Beaver

Purgatory100

Contrary to popular opinion, purgatory doesn’t actually feature in the bible. Some have argued that it was implied by particular biblical phraseology, or that its existence owes to the moral indigence of the Catholic church in their eternal quest to scare as many children as possible. Perhaps it was one of those things that Christ had planned to get around to after Dad got him down from the cross? Personally though, I think there is a much simpler explanation. Purgatory is LSE100.

There are three things that the LSE should do to redress this. The first is obviously a non-starter: it should be opt-out. The idea that forcing a group of hungover misanthropes together for a class they didn’t pick and won’t be graded on is obviously not the panacea to adolescent ignorance that it seemed like in the sociology common-room. Allowing the uninterested to leave would solve the initial problem of ensuring everyone there wanted to be there. LSE will never accept this, because they are fairly aware that most of us would rather not show up to the course they have spent millions developing. Fortunately there are two more serious solutions.

The second is that is it should be streamed by ability. Anyone who has been forced to sit through a waffle on the post-truth era by someone without care or capability to speak about it will know that nothing is more frustrating, nor apt, than such rambling on. LSE100 is designed to “complement intellectual grounding in [students’] discipline with a broad understanding of different ways of thinking.” Assuming that all students come to LSE with an equal, or even fairly comparable understanding of their own and other disciplines is clearly deeply flawed and should be addressed. There is no need for the reverse-goldilocks approach the school currently employs, where the content is too challenging or too easy for the vast majority. A rigorous evaluation undertaken in Michaelmas of first year would solve this.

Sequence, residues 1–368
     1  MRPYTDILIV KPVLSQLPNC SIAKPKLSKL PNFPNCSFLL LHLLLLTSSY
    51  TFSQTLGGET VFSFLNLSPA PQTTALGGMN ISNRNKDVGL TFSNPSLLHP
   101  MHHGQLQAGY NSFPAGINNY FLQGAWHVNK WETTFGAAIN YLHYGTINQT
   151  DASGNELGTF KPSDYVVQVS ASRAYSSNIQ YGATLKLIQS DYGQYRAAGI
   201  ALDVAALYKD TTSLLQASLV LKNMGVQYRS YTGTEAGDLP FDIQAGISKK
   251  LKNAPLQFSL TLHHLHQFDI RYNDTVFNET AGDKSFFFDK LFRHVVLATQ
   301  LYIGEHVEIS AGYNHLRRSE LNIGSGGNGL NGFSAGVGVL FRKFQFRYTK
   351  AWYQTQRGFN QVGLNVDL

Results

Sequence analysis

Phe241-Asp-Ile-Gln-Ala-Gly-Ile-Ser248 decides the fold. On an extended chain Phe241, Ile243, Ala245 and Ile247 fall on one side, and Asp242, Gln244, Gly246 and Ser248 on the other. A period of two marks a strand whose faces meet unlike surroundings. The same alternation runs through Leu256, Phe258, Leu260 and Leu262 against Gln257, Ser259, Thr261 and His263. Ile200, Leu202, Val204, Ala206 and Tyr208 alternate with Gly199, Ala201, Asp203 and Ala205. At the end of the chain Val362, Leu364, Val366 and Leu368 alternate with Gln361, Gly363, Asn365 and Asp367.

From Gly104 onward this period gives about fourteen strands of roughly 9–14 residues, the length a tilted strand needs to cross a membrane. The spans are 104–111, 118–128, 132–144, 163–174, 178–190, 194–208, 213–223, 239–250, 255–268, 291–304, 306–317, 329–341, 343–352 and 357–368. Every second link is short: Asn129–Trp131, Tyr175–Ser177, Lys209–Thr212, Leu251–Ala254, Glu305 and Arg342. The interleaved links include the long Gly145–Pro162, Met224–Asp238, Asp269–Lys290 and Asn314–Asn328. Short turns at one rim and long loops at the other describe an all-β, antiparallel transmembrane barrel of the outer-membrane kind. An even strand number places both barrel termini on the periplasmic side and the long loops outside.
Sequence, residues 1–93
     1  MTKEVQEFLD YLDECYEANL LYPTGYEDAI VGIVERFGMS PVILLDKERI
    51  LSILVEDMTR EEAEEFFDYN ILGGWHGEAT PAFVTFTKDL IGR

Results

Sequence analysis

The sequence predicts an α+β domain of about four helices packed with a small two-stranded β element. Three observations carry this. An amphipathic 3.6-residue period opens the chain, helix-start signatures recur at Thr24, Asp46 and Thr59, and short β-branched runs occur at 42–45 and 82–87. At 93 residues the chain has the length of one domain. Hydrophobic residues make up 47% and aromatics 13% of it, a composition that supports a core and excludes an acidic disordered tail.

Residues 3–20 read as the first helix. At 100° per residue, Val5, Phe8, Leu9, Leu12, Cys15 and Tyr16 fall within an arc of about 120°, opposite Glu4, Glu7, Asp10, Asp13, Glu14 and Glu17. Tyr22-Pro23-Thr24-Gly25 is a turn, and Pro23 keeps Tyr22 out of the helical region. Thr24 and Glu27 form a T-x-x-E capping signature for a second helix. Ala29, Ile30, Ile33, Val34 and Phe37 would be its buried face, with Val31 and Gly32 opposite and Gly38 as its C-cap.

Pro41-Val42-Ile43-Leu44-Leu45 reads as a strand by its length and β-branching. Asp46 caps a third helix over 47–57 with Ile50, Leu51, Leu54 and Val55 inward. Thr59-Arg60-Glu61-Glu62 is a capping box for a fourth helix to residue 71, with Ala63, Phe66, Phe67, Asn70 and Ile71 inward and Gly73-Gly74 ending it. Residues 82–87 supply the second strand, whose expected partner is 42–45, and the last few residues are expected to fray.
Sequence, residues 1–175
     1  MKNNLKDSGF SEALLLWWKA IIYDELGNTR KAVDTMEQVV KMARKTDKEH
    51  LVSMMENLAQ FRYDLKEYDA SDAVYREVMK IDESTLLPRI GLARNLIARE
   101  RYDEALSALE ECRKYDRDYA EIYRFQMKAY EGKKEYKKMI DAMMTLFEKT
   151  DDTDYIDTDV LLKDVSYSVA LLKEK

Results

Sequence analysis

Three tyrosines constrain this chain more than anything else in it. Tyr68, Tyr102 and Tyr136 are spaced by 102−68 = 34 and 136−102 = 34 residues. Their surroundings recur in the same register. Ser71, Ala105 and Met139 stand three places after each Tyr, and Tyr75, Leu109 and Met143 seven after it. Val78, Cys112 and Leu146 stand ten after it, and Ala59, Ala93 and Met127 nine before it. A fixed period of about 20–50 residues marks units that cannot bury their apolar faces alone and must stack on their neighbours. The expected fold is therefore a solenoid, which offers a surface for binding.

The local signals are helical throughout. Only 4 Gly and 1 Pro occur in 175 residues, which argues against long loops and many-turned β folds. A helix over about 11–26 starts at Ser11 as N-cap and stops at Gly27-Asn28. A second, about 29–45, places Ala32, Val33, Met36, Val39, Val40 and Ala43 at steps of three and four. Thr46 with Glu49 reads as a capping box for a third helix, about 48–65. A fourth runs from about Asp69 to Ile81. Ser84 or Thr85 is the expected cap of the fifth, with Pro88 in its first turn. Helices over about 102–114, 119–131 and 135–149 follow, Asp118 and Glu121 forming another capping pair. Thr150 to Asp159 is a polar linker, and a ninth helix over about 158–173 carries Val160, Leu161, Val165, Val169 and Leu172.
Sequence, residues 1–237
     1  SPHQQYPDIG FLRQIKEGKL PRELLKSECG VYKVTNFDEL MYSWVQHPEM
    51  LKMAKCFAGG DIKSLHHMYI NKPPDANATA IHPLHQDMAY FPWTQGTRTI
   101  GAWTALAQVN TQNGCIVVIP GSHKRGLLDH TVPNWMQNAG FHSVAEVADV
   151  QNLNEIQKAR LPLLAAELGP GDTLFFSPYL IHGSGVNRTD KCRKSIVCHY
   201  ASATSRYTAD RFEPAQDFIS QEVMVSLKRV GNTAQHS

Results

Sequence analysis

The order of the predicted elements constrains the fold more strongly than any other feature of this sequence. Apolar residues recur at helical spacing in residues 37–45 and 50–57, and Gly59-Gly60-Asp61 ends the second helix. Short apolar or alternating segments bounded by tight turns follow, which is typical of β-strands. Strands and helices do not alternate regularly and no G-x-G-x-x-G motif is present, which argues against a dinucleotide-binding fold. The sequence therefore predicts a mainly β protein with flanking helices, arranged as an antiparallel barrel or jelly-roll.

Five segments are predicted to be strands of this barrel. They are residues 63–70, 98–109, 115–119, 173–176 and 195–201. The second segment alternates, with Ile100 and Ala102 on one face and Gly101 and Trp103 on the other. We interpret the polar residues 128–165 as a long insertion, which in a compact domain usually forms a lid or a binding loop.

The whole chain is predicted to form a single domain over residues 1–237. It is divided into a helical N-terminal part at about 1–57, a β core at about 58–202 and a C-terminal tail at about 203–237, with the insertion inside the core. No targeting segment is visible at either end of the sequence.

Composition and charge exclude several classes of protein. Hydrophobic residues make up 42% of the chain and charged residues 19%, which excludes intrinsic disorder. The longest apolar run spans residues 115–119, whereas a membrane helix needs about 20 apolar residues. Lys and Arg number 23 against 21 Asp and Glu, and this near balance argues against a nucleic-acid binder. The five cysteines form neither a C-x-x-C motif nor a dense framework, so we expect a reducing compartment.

The third is that the classes and course need to count for something. An internship needs to be on offer. Or money. Or uni credit. Or a puppy. But something. I think I can say that literally no one has time to worry about things that don’t matter to them and unfortunately no jejune jeremiad on civic responsibility is going to convince anyone at this stage. If by 18 you haven’t already figured out the importance of reading the news then I find it nearly impossible to believe LSE100’s current incarnation is going to disabuse you.

The course is a good idea, but it needs change if it is to shake its yoke of being a doss. As it is, even if it’s not a part in Dante’s version of the Divine Comedy, I think a lot of us have a sense there’s someone upstairs laughing at us for sitting through it.

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